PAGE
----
SSL_cipher_list => $key,
 PeerAddr => $host,
 PeerPort => $port,
 Proto => 'tcp',
 Timeout => '5'
 )
 && print " " . $key . " -- " . $value . "\n";
}

07/10/2009

BigIP: Logging SSL Version and Cipher Information

One of the really cool things about mod_ssl in apache is that you can configure your apache logs to record the SSL protocol version and cipher used per connection. This provides some of the more arrogant web server administrators among us with even more reasons to scoff at some folks connecting to our sites. "Hey Chris! Look! Not only is this guy using IE4 with the FunWebProducts toolbar but he connected using SSL2 over a 40-bit channel! Ha-ha-ha-snort!"

If, however, you are front-ending your site with an F5 BigIP LTM and terminating SSL at the BigIP, you probably would not normally then connect with SSL to your apache servers as well. (Regardless, even if you did, the F5 would be acting as the ssl client and you'd only see the cipher the BigIP used to connect to your apache servers, not the actual client's info).

Because I don't want to let anyone down, I thought it would be fun getting the BigIP to forward this information through to the apache server, similar to how the F5 will forward an X-Forwarded-For header containing the client IP address. Since it's been a while since I've published an article on iRules, here we go. This particular solution is a hybrid bigip-apache solution, similar, as previously mentioned, to the X-Forwarded-For setup. With this solution, you'll insert a couple of custom HTTP headers that will be passed along to your apache servers and you'll modify your apache server's log format to append this data to your apache server's access logs. Below is the iRule used to insert these headers:

 when HTTP_REQUEST {
HTTP::header insert "SSL_PROTOCOL" [SSL::cipher version]
HTTP::header insert "SSL_CIPHER" [SSL::cipher name]
}

Then, you'll modify the LogFormat directive for your apache logs. For this particular test, I simply modified an existing combined logging format that had already been modified to include the X-Forwarded-For header as the client ip. I changed the format from this:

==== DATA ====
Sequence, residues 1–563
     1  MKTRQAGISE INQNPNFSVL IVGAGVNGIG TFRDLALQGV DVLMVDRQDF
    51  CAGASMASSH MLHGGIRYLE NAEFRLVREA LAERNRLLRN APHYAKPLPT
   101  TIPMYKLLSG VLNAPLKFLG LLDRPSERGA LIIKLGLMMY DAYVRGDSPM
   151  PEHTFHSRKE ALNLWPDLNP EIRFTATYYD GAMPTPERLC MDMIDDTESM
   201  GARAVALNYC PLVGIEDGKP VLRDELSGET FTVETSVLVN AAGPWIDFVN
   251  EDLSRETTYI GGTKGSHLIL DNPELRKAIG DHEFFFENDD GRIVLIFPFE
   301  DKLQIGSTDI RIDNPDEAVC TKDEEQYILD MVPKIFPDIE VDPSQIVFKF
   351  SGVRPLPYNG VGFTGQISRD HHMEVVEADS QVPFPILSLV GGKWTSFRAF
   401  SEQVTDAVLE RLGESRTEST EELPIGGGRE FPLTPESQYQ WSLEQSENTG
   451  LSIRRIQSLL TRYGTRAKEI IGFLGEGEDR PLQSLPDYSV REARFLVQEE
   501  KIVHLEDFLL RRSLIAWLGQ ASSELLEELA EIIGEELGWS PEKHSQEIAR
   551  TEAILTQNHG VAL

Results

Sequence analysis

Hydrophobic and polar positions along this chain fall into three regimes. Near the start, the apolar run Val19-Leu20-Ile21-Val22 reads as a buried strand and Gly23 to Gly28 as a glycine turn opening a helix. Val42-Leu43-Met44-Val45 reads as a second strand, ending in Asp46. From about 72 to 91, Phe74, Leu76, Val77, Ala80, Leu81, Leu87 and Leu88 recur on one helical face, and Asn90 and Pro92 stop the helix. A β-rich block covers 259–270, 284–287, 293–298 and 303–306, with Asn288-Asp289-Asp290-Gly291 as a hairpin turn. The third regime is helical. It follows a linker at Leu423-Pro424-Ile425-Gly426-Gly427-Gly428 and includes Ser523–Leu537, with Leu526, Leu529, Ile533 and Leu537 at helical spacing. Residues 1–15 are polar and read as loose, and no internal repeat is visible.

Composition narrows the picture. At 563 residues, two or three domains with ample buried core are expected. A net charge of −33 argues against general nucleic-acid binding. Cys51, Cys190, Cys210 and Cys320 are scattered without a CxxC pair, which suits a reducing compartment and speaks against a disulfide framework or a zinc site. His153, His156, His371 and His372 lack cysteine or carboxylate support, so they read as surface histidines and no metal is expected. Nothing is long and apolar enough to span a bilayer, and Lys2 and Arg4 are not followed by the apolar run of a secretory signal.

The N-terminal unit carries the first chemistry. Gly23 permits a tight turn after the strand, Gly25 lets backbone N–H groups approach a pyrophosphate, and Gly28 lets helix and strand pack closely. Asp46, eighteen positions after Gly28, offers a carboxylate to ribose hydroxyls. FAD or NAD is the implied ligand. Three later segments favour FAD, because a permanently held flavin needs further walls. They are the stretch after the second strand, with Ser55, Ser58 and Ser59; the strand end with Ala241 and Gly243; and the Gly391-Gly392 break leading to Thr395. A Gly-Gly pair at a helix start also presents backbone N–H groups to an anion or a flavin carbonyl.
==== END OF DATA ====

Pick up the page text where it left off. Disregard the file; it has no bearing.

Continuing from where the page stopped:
LogFormat "%{X-Forwarded-For}i %l %u %t \"%r\" %>s %b \"%{Cookie}i\" \"%{Set-Cookie}o\"" common_bigip

to this (changes are bolded):

LogFormat "%{X-Forwarded-For}i %l %u %t \"%r\" %>s %b \"%{Cookie}i\" \"%{Set-Cookie}o\" %{SSL_PROTOCOL}i %{SSL_CIPHER}i" common_bigip

Please note here that the additional values added to the LogFormat directive do not use mod_ssl's syntax of ending the value with an "x" but instead we're ending it with an "i"—this is an http header value that is getting inserted, not an environment variable extension.

An example that displays what is now stored in the access log follows:

XX.XX.XX.XXX - - [09/Jul/2009:23:32:11 -0400] "GET /WebApp/ HTTP/1.1" 200 4366 "JSESSIONID=C5E4444A9F324BCB9DEDE6BD4A711C59.jspRouteID" "-" TLSv1 RC4-MD5

What's nice about this is that with only 4 lines of code in an irule and some relatively minor changes to the LogFormat on your apache servers, you can regain some functionality that we might have lost when we rolled those BigIP's out.  Another nice thing about this is that if you're using tomcat instead of apache, you can make similar changes to the tomcat access logging valve and you get the same results.  My apologies though go out to the IIS administrators out there who might be interested in getting this kind of data.  I haven't figured out how to get that yet.  If anyone out there knows of a way to log custom http header data into the IIS web server logs, I'd appreciate it if you'd let me know.